Hepatitis C virus (HCV) has become a major problem within the human population, affecting individuals from everywhere, but especially from poor regions. At the moment, 130 to 170 million people worldwide are infected with this virus and it keeps increasing at a rate of approximately 3.5 million people per year. (1) It is estimated that about 0.2 to 26% of the general population in different countries are chronically infected by HCV. (2)(3)
The hepatitis C virus is an enveloped RNA virus. Given its characteristics, it was situated into a genus of its own known as Hepacivirus. At least six different persons can each be infected with a different genotype of the virus, but the difference in progression to cirrhosis or the usual clinical features is very small.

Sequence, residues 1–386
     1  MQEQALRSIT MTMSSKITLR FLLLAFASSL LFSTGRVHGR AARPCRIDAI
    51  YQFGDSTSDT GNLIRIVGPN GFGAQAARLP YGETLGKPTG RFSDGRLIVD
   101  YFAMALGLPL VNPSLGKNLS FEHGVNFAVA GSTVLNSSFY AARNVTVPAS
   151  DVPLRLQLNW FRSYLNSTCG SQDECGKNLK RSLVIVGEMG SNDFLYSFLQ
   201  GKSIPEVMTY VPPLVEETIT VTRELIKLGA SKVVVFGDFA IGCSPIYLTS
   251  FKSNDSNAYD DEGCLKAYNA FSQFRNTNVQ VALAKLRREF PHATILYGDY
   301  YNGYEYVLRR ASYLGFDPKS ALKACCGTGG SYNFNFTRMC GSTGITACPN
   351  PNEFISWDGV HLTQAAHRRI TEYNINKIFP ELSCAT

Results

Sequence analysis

The only known reservoir for this virus is the human, although experiments have been conducted where it was transmitted to chimpanzees.
The primary mode of transmission is parenterally, meaning that the virus is not taken into the body via the digestive tract, but via blood transfusions or uptake of blood products coming from unscreened donors. Major methods of contagion consist of contaminated instruments and needles used in medical/dental procedures, traditional medicine, rituals like scarification or circumcision, tattooing, piercing and especially intravenous drug abuse. Mother-to-child transmission has been recorded, but appears very rare as a cause, along with sexual contact. (4)
The countries that have the highest